‘Long Way North’: Film Review

Long Way North Still - Publicity - H 2016
Courtesy of Shout! Factory Films

Long Way North Still - Publicity - H 2016

Stunning stylized visuals, girl power and a strong rooting interest fuel a wonderfully old-fashioned tale.

A French animated drama set in the 1880s follows the death-defying Arctic adventures of a teen girl from the Russian aristocracy.

Exquisitely unfashionable, the hand-drawn animated feature Long Way North uses a striking minimalist visual scheme to tell the rousing story of a 19th century girl’s daring Arctic quest. Kids used to shiny, busy cartoons might take a while to attune themselves to the straightforward storytelling and full-blooded characters. But director Rémi Chayé’s first feature brings geography and history to vivid life, and it’s hard not to be moved by the determination of 15-year-old Sacha as she sets out to redeem the honor of her explorer grandfather.

Chayé, whose animation experience includes work on such notable features as The Secret of Kells and The Painting, opts for a color-block graphic style inspired by American railway posters of the 1940s. Using no outlines and a sophisticated palette, each cel has the impact of a stylized, emotion-rich picture-book illustration.

The narrative itself gets off to a somewhat stilted start, attributable not to the visuals but to a combination of awkward exposition and the formality of the English voice work. The original French, replaced for Academy Award consideration, has more flow and oomph, especially in the early sequences, but the English-language performances grow more effective as the action proceeds.

Opening in 1882 St. Petersburg, the story finds Sacha (Chloé Dunn) squirming against the expectations of her aristocratic parents (Martin Lewis and Bibi Jacob). With her flashing hazel eyes and one unruly lock of hair — a detail perfect in its simplicity — Sacha is less interested in the debutante ball and the pompous prince (Tom Morton) she’s been paired with than she is in the legacy of Oloukine (Geoffrey Greenhill), her mother’s father, who perished during his recent attempt to claim the North Pole for Russia. Those two facets of Sacha’s life intertwine when she searches for earrings Oloukine gave her years earlier. Her immediate goal is to complete her outfit for the dance, but in the process she discovers information indicating the probable location of her grandfather's still-missing ship.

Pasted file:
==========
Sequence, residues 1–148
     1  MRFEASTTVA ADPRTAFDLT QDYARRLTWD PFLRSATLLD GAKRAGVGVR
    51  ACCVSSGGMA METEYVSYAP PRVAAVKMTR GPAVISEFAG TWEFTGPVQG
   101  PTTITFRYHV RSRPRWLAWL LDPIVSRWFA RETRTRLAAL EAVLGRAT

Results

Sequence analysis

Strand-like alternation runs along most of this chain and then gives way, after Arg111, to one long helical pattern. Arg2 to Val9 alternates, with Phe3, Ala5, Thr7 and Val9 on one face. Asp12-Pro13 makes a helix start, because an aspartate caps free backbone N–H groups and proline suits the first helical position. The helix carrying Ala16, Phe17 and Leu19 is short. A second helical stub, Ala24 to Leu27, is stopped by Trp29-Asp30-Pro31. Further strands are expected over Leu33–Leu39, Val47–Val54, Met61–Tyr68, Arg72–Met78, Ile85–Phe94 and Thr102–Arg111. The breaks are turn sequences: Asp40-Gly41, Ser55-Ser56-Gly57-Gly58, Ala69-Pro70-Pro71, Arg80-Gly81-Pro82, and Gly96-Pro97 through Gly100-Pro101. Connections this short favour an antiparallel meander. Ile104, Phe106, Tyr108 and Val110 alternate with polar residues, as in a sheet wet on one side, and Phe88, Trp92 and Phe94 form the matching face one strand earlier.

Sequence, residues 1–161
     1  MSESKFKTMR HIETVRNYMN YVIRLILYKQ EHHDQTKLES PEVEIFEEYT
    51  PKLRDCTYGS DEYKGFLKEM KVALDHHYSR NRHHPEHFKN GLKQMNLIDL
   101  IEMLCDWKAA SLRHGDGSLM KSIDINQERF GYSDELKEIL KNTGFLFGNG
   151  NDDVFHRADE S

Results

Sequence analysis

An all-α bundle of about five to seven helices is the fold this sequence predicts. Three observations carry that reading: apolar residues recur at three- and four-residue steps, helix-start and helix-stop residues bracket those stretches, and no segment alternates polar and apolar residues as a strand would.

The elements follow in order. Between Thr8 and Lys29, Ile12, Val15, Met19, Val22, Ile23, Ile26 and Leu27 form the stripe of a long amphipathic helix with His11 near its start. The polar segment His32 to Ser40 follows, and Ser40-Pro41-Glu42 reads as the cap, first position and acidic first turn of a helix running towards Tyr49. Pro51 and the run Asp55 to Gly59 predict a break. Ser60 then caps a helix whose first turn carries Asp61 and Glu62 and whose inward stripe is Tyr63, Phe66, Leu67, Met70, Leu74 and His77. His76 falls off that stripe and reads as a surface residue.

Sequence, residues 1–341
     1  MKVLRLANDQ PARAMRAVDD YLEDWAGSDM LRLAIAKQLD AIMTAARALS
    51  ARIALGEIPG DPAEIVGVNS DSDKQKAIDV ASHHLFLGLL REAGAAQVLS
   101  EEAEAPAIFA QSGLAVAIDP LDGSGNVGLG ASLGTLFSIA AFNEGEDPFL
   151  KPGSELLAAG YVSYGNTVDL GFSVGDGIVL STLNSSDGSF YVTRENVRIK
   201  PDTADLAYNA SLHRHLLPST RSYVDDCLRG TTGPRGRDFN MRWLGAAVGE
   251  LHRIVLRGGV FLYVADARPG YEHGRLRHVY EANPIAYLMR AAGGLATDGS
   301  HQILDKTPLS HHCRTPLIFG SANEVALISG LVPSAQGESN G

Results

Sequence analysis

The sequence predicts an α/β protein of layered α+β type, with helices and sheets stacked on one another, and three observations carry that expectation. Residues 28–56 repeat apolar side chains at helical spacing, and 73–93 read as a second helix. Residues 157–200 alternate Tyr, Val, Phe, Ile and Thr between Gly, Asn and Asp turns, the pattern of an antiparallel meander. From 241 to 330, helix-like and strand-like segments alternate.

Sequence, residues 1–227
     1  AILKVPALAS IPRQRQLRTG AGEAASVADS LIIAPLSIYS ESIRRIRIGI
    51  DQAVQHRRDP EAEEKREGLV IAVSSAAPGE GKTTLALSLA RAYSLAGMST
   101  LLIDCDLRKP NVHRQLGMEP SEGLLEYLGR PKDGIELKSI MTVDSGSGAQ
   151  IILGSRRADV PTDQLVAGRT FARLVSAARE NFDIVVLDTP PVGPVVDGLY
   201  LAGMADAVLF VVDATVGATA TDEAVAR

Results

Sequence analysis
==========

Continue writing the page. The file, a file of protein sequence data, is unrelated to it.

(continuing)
Sacha’s entreaties to redirect the search for the state-of-the-art icebreaker hit the wall of court politics, deepening the divide between her and her bureaucrat father. With a single-mindedness inherited from Oloukine, but driven by a sense of family honor rather than his patriotic fervor, she sets out to find the ship herself.

As she travels toward the Arctic archipelago of Franz Josef Land, from train to port to merchant ship, the lessons she learns are the stuff of drama, and never pedantic. Sacha also experiences the nitty-gritty of her first job, working in the restaurant of a portside inn owned by the tough but compassionate Olga (Vivienne Vermes). With economy and humor, a brisk montage depicts the girl’s progress from privileged princess to hard-working employee.

Not just Sacha but all the chief characters go through believable changes that propel the story: a flirtatious young shipmate (Tom Perkins), the merchant ship’s rigid captain (Peter Hudson) and his untrustworthy brother (Antony Hickling), their long-stewing sibling tensions brought to the fore. Even a misbehaving shipboard dog plays a crucial role in Sacha’s quest, especially after disaster strikes and finding Oloukine’s abandoned ship becomes a matter of life and death.

The world that Chayé and his collaborators create has an immersive power, not only in an extraordinary blizzard scene, but in the eloquent play of sunlight, shadows and mist throughout the film. With its squawking seabirds, cracking ice floes and merciless winds, the sound design matches the vibrancy of the animation. Though the score is too sprightly at certain key moments, Chayé doesn’t retreat from the story’s darkness or contemplative notes. A climactic confrontation for Sacha has a breathtaking poetic boldness. You don’t have to be an animation buff to appreciate the chances this stirring saga takes.

Distributor: Shout! Factory Films
Production companies: Sacrebleu Productions, Maybe Movies, 2 Minutes, France 3 Cinéma, Norlum
Cast: Chloé Dunn, Vivienne Vermes, Peter Hudson, Antony Hickling, Tom Perkins, Geoffrey Greenhill, Claire Harrison-Bullett, Bibi Jacob, Martin Lewis, Tom Morton, Leslie Clack, Kester Lovelace, Damian Corcoran
Director: Rémi Chayé
Screenwriters: Claire Paoletti, Patricia Valeix 
Producers: Ron Dyens, Henri Magalon 
Adaptation and dialogue: Fabrice de Costil
Artistic director of voices: Viviane Ludwig
Animation director: Liane-Cho Han
Artistic director of color: Patrice Suau
Editor: Benjamin Massoubre
Composer: Jonathan Morali 

Rated PG, 82 minutes